Last month, it rejected an application by Merck to approve a new sleep drug, suvorexant, in part because tests showed that some people had trouble driving the next day. In May, the agency warned patients taking common allergy drugs like Benadryl against driving, noting that the sedating effects can sometimes last into the following day. In January, citing similar concerns, the FDA took the unusual step of requiring that all manufacturers of zolpidem, the generic name of Ambien, cut in half the dosage for women.

The agency has since said that it is taking a closer look at all insomnia drugs on the market, and will ask manufacturers to conduct more extensive driving tests for all new sleep drugs. It will also more closely scrutinize any drug that causes drowsiness.

Part of the problem is that the standard warnings on many drugs — against driving or operating heavy machinery — are often brushed aside. “It would be so convenient and it would be so good if you could just tell people, don’t drive unless you feel OK,” Dr. Ronald Farkas, the clinical team leader for the FDA’s division of neurology products, told a group of industry experts at a conference in February. “I think this has penetrated now that this is not adequate. It is still good advice that, if you feel impaired, don’t drive. But if you feel fine, you might be impaired.”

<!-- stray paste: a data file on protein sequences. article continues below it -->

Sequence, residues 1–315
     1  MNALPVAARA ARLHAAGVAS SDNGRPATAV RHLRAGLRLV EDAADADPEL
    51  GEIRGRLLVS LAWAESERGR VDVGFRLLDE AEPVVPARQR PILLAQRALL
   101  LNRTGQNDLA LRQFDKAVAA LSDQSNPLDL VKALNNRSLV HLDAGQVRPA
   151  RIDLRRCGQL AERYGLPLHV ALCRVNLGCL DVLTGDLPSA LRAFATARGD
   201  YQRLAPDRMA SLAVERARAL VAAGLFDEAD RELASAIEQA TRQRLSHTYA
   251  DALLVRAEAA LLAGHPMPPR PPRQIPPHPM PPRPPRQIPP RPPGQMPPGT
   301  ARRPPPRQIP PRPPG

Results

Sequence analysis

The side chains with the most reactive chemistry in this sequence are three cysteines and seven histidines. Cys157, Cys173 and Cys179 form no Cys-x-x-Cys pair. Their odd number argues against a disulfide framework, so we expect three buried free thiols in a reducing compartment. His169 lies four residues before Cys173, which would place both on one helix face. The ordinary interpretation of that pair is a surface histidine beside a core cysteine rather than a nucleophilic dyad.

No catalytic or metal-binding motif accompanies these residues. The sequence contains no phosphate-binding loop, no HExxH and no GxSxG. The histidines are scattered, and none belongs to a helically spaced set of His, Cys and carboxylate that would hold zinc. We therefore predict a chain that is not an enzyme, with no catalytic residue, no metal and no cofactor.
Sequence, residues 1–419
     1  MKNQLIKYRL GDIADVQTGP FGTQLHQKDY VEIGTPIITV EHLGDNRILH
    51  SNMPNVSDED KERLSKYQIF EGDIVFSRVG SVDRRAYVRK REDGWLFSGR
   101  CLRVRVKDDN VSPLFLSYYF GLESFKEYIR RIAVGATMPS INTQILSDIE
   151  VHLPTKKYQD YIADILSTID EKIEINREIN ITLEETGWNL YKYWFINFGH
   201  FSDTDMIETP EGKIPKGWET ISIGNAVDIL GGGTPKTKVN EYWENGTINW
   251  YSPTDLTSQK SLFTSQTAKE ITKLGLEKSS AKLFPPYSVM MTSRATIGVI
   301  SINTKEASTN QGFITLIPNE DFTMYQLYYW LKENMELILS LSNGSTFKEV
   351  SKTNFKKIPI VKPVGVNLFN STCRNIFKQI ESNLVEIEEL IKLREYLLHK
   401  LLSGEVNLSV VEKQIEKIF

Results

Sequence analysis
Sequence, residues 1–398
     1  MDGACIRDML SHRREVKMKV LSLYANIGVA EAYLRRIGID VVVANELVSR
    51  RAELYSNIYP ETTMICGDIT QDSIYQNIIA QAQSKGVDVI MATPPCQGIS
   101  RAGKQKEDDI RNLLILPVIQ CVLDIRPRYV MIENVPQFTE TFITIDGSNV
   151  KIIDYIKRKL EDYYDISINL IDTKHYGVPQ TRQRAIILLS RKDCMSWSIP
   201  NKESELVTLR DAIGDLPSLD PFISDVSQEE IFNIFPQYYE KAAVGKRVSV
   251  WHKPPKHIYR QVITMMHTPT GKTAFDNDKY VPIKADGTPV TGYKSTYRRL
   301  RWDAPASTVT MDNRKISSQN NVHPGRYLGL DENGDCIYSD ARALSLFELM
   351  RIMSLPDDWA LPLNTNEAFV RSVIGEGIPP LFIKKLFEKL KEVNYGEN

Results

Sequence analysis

For years, traffic safety officials have called, without success, for a so-called “safe list” of drugs that do not affect driving. Some people react more strongly to drugs than others do, making it difficult to predict a person’s individual risk. And driving tests can vary significantly, like studies conducted over public roadways or those done in computer simulators.